Beyond reaching out to the community yourself, students can also become involved in gathering and documenting local knowledge. This can be as basic as having students work with tapes or documents that are already in existence or it can involve them in gathering relevant information from such sources as their families, resource people, Elders groups and so on. It can take the form of informal interviews, note taking, audio or video recording or can be as complex as hosting an Elders conference on the topic of choice or creating a CD program documenting knowledge. Any way you do it, the point is for students to seek out and document local knowledge as a basis for further class investigations.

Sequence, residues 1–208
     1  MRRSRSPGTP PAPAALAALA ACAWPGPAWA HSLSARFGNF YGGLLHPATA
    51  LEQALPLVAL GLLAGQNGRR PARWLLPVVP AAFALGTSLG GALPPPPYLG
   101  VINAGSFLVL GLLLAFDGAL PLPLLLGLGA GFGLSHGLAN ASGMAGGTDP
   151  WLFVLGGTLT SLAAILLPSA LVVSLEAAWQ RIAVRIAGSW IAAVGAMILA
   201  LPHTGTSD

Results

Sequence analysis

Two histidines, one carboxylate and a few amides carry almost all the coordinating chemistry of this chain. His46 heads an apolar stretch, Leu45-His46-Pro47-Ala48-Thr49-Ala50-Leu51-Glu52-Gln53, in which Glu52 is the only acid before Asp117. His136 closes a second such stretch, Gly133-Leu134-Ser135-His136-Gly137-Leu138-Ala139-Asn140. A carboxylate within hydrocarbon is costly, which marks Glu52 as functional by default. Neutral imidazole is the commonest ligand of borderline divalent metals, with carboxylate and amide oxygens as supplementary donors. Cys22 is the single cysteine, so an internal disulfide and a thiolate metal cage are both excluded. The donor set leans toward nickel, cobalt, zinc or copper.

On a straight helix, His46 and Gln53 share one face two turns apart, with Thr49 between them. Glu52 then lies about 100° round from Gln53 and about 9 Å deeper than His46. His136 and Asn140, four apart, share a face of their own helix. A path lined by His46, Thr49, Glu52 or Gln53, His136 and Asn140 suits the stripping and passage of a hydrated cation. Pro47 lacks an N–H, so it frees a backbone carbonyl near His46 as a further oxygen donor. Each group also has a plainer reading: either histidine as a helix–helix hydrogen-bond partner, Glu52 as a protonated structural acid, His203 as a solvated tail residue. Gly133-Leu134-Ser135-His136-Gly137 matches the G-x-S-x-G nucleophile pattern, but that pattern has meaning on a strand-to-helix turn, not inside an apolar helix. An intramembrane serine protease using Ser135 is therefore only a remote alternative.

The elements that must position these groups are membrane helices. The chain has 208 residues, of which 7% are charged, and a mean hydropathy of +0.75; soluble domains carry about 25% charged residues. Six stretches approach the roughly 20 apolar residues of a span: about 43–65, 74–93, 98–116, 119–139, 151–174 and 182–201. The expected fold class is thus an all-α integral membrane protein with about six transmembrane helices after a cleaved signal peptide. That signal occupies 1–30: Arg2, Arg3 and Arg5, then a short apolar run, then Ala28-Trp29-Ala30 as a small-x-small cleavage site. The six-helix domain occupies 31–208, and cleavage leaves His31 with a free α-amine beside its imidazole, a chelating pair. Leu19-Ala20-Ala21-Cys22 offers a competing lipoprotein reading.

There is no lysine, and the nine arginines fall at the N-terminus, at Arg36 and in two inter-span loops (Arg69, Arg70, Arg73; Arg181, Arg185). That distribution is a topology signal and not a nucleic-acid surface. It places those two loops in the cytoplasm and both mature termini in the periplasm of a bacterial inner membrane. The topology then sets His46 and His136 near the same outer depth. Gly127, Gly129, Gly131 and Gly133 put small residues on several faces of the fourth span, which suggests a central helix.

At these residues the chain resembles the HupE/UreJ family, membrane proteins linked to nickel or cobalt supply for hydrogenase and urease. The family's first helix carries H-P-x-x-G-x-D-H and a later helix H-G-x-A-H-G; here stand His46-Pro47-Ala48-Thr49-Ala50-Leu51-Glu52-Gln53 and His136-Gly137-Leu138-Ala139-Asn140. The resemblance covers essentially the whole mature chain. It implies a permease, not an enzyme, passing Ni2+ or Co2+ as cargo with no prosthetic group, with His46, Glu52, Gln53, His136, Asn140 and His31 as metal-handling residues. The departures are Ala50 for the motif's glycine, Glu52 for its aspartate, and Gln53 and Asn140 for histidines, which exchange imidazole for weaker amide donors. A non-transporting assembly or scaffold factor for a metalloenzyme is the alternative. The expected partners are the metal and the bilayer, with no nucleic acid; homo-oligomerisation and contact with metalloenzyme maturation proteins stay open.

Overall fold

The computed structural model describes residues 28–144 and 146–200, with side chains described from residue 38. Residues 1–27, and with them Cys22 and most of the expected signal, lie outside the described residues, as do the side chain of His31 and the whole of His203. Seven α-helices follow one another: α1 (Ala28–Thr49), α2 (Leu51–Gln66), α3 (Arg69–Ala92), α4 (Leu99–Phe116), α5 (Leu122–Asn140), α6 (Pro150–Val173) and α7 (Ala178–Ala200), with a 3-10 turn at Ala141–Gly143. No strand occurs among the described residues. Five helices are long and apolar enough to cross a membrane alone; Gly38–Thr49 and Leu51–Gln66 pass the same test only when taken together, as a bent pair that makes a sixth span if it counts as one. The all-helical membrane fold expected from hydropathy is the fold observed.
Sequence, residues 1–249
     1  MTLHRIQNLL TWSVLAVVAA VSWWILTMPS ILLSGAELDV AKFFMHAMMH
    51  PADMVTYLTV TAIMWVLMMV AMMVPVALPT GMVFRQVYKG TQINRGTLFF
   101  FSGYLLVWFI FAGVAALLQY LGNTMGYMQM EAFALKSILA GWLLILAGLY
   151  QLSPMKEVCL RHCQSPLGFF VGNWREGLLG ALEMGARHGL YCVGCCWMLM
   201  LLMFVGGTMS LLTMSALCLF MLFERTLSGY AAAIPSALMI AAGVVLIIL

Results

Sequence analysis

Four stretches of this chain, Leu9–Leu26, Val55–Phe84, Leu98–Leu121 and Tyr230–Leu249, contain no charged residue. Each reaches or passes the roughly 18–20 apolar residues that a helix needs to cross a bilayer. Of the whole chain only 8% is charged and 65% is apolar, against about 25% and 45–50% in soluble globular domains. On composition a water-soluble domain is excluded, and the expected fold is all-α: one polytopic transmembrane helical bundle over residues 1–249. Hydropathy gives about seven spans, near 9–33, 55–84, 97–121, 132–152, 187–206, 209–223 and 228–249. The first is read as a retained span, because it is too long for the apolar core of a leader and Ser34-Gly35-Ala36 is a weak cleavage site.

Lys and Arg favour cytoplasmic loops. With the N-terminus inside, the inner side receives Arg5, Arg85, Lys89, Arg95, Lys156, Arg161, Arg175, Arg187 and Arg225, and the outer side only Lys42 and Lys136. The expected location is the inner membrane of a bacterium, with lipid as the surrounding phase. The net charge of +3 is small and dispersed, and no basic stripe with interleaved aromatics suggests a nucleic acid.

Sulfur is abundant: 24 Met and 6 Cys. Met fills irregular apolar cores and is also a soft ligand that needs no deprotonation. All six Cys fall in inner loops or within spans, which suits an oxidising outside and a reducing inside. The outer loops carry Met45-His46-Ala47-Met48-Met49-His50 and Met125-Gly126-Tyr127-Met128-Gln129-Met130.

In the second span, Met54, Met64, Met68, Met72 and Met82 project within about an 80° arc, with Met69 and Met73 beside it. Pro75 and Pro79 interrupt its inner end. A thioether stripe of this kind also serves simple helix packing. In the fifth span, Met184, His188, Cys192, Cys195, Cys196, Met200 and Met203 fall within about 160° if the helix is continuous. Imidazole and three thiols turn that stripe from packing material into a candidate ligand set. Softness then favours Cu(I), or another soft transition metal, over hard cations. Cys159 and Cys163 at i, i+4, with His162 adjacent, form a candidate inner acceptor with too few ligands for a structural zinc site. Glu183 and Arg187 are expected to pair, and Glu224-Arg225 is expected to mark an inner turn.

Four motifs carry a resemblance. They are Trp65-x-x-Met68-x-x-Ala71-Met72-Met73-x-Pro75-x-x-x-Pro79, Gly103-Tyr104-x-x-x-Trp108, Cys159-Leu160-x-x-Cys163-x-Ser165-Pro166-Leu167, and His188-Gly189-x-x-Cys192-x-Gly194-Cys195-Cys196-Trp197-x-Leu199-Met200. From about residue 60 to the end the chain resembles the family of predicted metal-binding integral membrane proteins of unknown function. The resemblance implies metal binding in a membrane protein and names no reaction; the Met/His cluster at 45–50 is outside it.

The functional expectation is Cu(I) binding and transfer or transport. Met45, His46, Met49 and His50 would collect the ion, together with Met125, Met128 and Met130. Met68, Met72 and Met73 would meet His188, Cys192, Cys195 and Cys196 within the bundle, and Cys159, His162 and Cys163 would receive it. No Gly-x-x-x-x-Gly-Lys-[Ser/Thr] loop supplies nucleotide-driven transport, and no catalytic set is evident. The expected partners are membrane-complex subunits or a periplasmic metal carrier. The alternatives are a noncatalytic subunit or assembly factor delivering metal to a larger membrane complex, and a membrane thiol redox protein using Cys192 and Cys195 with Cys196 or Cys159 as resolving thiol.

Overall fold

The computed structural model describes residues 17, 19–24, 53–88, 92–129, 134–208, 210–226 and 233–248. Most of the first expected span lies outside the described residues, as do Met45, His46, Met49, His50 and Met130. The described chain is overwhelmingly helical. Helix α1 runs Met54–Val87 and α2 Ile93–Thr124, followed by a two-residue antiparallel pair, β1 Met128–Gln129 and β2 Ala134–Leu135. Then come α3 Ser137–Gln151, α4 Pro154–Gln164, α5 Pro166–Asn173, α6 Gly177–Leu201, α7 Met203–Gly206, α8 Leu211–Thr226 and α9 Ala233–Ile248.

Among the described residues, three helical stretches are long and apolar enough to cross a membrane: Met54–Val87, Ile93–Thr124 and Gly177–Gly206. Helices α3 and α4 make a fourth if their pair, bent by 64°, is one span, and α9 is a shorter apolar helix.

The possibilities for integrating cultural knowledge and science are almost endless. The topics listed in the sidebar to the right are just a few of those most commonly mentioned.
The topic you choose to work on will depend a lot on your local environment, the seasonal appropriateness of such study, the science curriculum goals established for your grade level and what your Native partners want to teach about. With regard to the latter, it is likely that their choice of subject matter will be highly dependent upon two things: first, knowledge that is practical and can be applied to the real world; and second, the need to know.